Appellants argue that their motions for a new trial on the ground of newly discovered evidence showing that the witness Donnell was in Pocatello, Idaho, on June 24, 1925 (the day of the accident), should have been granted. Such motions were supported by the affidavits of five residents of that city that each had frequently seen him in that city during the months of June, July and August, 1925. Another affiant stated that he had frequently seen such witness in that city during the months of May and June, 1925. The fact that Donnell was seen frequently in Pocatello on unspecified days in the month of June did not establish that he was not in San Francisco on the day of the accident. However, the physical impossibility of Donnell's presence in San Francisco on the day of the accident was shown by two additional affidavits, which respectively stated that he was in Pocatello during the entire month of June, 1925, and during the third week of that month. The counteraffidavit of Donnell denied that he was in Idaho at any time during the year 1925. His mother also deposed that he was residing with her during June, 1925, at the address given by him in his testimony. Since the only effect of the newly discovered evidence was to impeach Donnell, the motion for a new trial was properly denied. (Hanton v. Pacific Electric Ry. Co., 178 Cal. 616 [174 P. 61].) The destruction, by this new evidence, of Donnell's credibility would not cause a different verdict, for the testimony of the other eye-witness -- Nicklassen -- sufficiently established the same facts of negligence.  A motion for a new trial on the ground of newly discovered evidence is addressed to the sound discretion of the trial court, which must be presumed to have been properly exercised in denying the same, unless it appears that the evidence is such as must, if proved upon a new trial, change the result, in which case, if proper diligence is shown, the order must be reversed; but when it cannot be held that the result would probably be different if the new evidence were received, the discretion of the court cannot be interfered with. (Miller v. Scoble, 8 Cal. App. 344 [97 P. 93].)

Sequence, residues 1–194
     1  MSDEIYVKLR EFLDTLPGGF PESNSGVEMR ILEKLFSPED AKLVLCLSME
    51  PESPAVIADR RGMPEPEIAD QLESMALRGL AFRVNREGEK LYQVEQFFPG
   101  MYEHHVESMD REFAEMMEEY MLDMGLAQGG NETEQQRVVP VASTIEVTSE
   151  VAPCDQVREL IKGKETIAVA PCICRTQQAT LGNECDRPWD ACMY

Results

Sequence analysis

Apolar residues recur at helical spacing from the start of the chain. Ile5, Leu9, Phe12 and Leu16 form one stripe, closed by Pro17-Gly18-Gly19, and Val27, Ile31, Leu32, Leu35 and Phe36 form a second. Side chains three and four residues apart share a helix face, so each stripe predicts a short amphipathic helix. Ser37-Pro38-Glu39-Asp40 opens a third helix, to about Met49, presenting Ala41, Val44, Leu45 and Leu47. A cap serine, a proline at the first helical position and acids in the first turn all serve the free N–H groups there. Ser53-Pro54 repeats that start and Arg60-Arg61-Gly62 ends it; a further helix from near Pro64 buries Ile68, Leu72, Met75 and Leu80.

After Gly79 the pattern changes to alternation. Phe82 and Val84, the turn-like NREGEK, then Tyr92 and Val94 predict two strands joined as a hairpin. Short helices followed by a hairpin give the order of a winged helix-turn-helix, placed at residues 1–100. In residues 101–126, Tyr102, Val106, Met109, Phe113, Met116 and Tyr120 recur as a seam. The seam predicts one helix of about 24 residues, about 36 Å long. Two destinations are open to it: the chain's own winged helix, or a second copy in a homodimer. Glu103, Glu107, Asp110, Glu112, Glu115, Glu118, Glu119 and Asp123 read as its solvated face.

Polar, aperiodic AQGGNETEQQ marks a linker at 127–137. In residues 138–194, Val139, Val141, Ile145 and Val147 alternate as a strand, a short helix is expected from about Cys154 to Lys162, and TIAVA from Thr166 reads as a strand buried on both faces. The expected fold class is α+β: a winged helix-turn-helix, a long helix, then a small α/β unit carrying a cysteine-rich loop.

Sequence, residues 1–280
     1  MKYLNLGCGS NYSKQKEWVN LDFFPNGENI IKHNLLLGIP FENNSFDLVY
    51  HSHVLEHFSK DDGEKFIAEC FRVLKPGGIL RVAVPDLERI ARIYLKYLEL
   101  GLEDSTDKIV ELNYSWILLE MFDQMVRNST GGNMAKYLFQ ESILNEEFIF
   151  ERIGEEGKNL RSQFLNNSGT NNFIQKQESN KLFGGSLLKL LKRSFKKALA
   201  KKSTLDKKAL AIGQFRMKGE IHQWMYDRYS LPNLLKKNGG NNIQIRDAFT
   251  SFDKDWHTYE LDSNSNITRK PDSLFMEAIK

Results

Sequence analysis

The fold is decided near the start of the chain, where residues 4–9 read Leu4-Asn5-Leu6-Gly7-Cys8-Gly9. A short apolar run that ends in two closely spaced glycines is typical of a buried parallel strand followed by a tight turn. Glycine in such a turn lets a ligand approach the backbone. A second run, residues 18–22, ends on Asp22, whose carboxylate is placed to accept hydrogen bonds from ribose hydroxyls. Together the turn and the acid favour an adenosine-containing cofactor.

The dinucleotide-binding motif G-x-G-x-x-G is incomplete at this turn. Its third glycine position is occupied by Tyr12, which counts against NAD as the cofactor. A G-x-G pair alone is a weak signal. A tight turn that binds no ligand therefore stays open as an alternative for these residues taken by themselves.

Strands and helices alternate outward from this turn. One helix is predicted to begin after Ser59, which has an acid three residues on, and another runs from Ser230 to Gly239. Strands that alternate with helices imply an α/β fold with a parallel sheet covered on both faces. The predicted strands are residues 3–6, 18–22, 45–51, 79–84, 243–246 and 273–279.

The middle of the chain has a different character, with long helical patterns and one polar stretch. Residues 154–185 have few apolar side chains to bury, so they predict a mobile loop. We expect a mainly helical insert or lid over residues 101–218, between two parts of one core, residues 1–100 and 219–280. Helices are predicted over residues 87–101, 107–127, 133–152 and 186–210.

Appellants claim that the trial court erred in denying their motions for a new trial upon the ground of a juror's misconduct in concealing his acquaintance with respondent's attorney and the latter's associate. It is undisputed that, although respondent's attorney had previously announced to [10 Cal. App. 2d 723] the entire panel his name and that of his associate, this juror, in answer to questions asked by the court collectively of all prospective jurors and by appellants' attorney individually of him, denied he knew either. It also appears, without conflict, that this juror had served, within a month of the present trial, in another case which was tried on behalf of the plaintiff, mainly by such associate, but with some participation by respondent's attorney and in which such juror returned a verdict for plantiff. Appellants' attorney, in his affidavit, states that if he had known these facts and had not been misled, he would have exercised a remaining peremptory challenge. The poll of the jury shows that this juror was one of the nine which returned the verdict. The conduct of the juror in giving false answers to the questions constituted misconduct or irregularity on his part sufficient to warrant the granting of a new trial therefor. (Sherwin v. Southern Pacific Co., 168 Cal. 722 [145 P. 92].) But the denial of a new trial was warranted because of these additional facts. The affidavits of the juror, the associate and Joseph F. Leonard all agree that, during the course of the present trial, the juror spoke to the associate in a manner which showed he knew him. The associate's affidavit stated that, on the second day of the trial while he was talking in the corridor during recess to Joseph F. Leonard, who was one of appellants' attorneys and sat with their attorney of record throughout the trial, the juror in passing, greeted him in a friendly manner and that, upon Leonard's inquiry he had advised him that this juror had served in the previous case. Leonard's affidavit denied that he was one of appellants' attorneys and that the associate had informed him of the juror's service in the other case. The trial court was entitled to accept either version. If Leonard knew of the juror's service in the previous case, such knowledge is imputed to appellants. (1 Cal.Jur. 846.) "If the defendant or its attorney had discovered these facts at any time during the trial it would have been their duty, if they desired to take advantage thereof, to apply to the court for leave to reopen the examination of the jurors, elicit the facts, and thereupon offer a challenge to the juror guilty of the misconduct." (Sherwin v. Southern Pacific Co., supra, at p. 726.)